Road Engineering Journal
Road Engineering Journal
Copyright © 1997 by TranSafety, Inc.
December 1, 1997
TranSafety, Inc.
(360) 683-6276
Fax: (360) 335-6402

An Evaluation Process for Gypsum Sight and Sound Screens Could Serve as a Model for Future Evaluations

New products, materials, and techniques are continually developed for the national highway system. Most state highway agencies require an unbiased performance demonstration of these products and technologies; this is cumbersome, costly, and time-intensive. To improve efficiency and reduce the time factor, the Federal Highway Administration (FHWA) and the Civil Engineering Research Foundation (CERF) established the Highway Innovative Technology Evaluation Center (HITEC). HITEC assembles technical evaluation teams consisting of representatives from government, academia, and the private sector to assure that new products and technologies will be impartially reviewed and evaluated. Manufacturers of new products apply to HITEC for a technical evaluation; and, with the assistance of the applicant, the team identifies issues for improvement, use, and acceptance of the product.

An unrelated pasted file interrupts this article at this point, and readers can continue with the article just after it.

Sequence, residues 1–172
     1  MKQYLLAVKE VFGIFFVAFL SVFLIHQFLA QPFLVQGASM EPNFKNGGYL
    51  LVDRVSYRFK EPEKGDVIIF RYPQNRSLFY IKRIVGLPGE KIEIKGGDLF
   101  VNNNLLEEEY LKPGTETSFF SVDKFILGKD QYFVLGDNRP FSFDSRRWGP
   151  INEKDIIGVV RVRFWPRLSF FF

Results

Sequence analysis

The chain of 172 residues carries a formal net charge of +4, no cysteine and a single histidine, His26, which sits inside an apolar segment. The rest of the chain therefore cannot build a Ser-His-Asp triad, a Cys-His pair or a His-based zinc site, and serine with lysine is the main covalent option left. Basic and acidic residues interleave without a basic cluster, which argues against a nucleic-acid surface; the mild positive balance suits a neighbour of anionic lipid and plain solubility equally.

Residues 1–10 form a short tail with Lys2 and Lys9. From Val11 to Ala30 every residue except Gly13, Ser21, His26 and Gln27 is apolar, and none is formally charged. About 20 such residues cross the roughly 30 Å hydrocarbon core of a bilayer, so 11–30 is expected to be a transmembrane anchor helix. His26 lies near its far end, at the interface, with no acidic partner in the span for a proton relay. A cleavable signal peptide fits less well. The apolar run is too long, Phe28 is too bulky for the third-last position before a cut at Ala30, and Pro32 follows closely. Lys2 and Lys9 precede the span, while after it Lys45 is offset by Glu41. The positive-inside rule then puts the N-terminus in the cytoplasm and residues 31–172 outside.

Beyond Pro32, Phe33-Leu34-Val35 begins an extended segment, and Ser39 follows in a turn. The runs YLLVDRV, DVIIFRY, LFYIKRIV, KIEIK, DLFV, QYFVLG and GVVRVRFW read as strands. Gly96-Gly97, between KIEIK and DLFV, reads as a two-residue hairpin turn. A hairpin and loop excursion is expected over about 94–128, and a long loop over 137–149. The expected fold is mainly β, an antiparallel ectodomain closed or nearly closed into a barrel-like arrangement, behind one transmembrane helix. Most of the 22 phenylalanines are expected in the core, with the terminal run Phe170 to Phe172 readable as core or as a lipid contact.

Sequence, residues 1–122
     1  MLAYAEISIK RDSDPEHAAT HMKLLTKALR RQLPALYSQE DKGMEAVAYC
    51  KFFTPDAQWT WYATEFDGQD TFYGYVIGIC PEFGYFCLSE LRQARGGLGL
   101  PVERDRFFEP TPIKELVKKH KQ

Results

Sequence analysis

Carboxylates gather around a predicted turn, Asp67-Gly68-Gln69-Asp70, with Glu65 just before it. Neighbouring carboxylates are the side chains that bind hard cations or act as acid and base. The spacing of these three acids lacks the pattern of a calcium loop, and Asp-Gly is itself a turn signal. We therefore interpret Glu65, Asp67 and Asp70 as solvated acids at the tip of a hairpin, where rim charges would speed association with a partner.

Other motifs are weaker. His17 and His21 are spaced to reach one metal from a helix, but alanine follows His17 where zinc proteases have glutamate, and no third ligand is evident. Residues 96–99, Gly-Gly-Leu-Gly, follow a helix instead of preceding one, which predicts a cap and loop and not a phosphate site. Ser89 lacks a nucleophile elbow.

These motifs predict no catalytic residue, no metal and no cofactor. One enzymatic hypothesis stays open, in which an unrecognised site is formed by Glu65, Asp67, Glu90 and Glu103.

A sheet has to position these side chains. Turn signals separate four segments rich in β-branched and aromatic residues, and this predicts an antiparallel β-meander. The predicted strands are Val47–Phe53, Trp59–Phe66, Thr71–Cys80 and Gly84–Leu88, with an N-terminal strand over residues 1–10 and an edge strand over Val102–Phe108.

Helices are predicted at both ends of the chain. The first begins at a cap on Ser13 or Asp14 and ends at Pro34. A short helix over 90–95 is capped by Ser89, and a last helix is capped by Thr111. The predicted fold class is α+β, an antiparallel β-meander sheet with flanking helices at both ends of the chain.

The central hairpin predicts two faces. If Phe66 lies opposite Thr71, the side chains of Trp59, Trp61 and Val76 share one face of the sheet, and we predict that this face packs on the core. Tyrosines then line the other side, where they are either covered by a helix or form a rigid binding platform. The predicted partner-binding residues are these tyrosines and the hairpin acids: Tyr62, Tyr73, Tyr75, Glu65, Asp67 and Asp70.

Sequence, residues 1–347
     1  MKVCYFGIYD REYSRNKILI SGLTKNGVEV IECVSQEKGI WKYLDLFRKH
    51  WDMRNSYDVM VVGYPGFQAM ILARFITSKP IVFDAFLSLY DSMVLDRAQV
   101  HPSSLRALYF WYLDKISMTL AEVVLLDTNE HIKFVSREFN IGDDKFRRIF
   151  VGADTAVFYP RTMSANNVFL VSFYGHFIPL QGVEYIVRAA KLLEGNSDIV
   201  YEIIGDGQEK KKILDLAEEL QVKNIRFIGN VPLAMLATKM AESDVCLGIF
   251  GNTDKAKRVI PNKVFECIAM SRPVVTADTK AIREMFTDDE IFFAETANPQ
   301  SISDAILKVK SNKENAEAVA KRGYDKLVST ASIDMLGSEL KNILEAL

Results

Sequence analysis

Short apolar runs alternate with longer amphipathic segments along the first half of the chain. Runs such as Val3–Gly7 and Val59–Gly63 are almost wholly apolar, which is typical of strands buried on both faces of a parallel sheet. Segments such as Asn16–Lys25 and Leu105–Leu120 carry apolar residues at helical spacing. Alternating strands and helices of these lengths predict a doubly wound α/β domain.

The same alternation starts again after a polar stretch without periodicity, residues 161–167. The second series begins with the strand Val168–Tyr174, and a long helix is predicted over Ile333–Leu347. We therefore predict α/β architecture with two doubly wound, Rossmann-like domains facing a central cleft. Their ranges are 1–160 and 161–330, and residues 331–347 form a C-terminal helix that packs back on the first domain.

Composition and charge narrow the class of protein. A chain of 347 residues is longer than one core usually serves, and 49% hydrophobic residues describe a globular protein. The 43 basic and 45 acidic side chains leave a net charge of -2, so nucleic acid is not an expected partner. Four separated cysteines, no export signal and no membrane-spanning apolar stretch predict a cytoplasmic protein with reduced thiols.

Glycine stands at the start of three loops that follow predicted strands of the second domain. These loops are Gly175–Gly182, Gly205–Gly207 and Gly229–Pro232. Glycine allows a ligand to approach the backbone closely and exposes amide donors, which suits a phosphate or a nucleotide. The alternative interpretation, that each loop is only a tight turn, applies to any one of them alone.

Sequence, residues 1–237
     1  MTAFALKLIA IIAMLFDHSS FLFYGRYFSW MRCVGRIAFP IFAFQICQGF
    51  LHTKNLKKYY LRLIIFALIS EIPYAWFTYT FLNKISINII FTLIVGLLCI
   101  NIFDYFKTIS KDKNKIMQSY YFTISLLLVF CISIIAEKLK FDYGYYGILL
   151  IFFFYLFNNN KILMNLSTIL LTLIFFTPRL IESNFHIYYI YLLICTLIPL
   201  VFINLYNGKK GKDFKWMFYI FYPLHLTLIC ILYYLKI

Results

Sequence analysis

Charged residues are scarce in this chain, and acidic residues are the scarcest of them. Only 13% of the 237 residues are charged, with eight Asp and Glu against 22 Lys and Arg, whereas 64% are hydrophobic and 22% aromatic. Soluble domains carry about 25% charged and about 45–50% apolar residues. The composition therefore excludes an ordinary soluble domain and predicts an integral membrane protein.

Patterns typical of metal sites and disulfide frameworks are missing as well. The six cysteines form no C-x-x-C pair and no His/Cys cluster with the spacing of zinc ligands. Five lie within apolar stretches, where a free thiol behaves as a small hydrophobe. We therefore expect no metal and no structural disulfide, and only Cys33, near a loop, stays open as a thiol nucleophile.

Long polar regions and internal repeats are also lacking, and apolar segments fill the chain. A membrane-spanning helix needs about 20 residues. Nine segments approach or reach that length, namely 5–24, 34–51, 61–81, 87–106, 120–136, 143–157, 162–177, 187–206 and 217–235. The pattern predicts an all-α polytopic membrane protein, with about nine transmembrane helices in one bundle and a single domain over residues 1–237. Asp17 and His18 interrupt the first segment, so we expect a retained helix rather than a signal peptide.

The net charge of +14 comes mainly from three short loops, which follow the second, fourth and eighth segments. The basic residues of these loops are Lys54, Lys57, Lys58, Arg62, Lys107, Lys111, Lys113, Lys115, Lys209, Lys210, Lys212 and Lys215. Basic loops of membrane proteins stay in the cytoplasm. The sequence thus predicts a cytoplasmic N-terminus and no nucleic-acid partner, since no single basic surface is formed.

The Sight and Sound Screen (SSS) is one example of a product that HITEC has evaluated. Developed by the U.S. Gypsum Company, the SSS "is a post-and-panel wall system designed to act as a sight and sound barrier for highways, as well as a privacy fencing system for residential and commercial property." The SSS's basic element is "a factory-produced polystyrene foam panel laminated with DUROCKTM cement board that is finished with a decorative coating." The screen panels are delivered to the site and installed between steel or prestressed concrete columns.

Louis F. Cohn and Roswell A. Harris reviewed HITEC's evaluation plan for the SSS in "HITEC Evaluation of U.S. Gypsum Sight and Sound Screen" (Transportation Research Record 1559). They concluded that whatever the SSS's eventual use as a noise barrier, the HITEC evaluation would be a significant asset in answering questions, establishing credibility in the market, and assisting state highway agencies that are considering using the SSS. In addition, the criteria developed for evaluating the SSS can also be used to evaluate similar systems.


The evaluation process for the SSS included two phases. The first phase was a detailed analysis of both historical test data provided by the sponsor (U.S. Gypsum) and new laboratory test data. The second phase involved analyzing data from field testing the SSS in a variety of environments. Several prototype SSS noise walls were installed by or for state highway agencies around the country; the locations were based on funding availability, construction scheduling, and project characteristics. Of particular interest to the evaluation team were the SSS's potential use on bridges and its "aesthetic flexibility" in special situations--such as applying the Olympic symbol to noise walls in the Atlanta area for the 1996 Olympics.


The HITEC evaluation team identified several significant evaluation criteria related to the SSS's design, construction, maintenance, and performance.